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To discover these motives, you need only to recollect and realize the interesting truths, that have been dispensed. You have seen that the practice recommended is a matter of duty. Its obligation results from the condition and relations of our being, and is founded in the reason and nature of things. The God, from whom we derived our existence, to whom we are indebted for all our blessings, and at whose dread tribunal we must give an account for all our conduct, “ requires this at our hands,” not barely as a token of homage and reverence to him; but as a mean of bring‘ing us to a resemblance of his moral image and law, and to a meetness for his eternal kingdom. .
Were we sinless as angels, it would still be incumbent upon us, unitedly to “ praise the Lord for his goodness, and for his wonder. ful works to the children of men.” Far, however, from this is our real character. We are frail, imperfect, guilty creatures. We all need repeated instruction, admonition, and encitement, relative to “ the things which belong to our peace ;” and whoever imagines himself an exception from the rest of mankind, and capable of maintaining “a conscience void of offence,” independent of those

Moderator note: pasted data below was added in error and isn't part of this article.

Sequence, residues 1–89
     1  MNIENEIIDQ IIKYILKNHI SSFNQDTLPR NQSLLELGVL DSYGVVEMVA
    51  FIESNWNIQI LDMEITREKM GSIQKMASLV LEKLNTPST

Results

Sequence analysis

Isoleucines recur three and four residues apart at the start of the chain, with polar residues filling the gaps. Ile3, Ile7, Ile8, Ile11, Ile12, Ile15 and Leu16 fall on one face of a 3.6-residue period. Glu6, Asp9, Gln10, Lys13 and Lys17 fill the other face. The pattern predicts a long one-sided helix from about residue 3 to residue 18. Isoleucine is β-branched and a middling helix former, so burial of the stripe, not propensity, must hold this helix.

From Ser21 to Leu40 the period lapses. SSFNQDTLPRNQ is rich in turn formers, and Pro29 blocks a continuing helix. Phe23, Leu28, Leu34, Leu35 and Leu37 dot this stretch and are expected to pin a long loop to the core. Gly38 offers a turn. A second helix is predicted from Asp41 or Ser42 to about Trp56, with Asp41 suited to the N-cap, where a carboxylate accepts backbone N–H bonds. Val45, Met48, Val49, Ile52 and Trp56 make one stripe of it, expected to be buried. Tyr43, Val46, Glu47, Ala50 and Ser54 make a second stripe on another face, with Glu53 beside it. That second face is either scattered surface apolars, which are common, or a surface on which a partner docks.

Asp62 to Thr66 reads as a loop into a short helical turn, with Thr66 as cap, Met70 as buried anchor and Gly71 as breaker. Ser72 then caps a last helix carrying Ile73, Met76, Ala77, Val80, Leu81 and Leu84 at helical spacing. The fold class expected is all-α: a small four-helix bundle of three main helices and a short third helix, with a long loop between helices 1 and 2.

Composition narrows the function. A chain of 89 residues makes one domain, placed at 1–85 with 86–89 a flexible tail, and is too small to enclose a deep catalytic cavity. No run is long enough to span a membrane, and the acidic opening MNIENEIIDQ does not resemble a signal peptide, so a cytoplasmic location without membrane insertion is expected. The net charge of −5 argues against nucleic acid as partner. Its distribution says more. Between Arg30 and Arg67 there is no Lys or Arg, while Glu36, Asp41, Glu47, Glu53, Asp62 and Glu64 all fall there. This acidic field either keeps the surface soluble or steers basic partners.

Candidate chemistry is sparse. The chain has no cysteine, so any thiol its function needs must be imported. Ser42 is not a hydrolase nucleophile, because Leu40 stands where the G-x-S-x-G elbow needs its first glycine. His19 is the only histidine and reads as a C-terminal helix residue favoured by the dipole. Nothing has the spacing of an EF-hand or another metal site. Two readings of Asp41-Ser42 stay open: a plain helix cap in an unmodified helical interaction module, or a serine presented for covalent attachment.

external aids, which are required in the vok ume of inspiration, “ deceives his own heart." No man is either so well informed, or so vir: tuously disposed, but he may derive additional improvement from the publick offices of religion. How great and extensive soever may be his attainments without them; with them, these attainments would be yet more distinguished. Though he be literally wiser “ than all his teachers,” his mind may, notwithstanding, be " stirred up by way of remembrance,” and directed to important, practical subjects, which might otherwise escape his notice, and. fail of their proper fruits in his life and conversation. Meanwhile, he may both receive and communicate a more fervent piety and zeal, by associating with others in the solemn acts of devotion and worship. This being the design and tendency of the institution, in proportion to his rank and influence in society, he may, and he is bound in duty to give a sanction to the things that are excellent, at the same time that he promotes and accelerates his personal growth in grace.
If, therefore, you would not incur the im. putation of inexcusable ingratitude to the glorious author and benefactor of your lives ; if you would not betray a criminal indifference
to the dignity, perfection, and happiness, for which you were formed ; if you would avoid the aggravated guilt and condemnation of slighting offered mercy, and “ rejecting the counsel of God against yourselves ;” if you would not become abettors and “ partakers of other men's sins," you lack no inducement to an habitual, sincere, and exemplary obedience in this particular.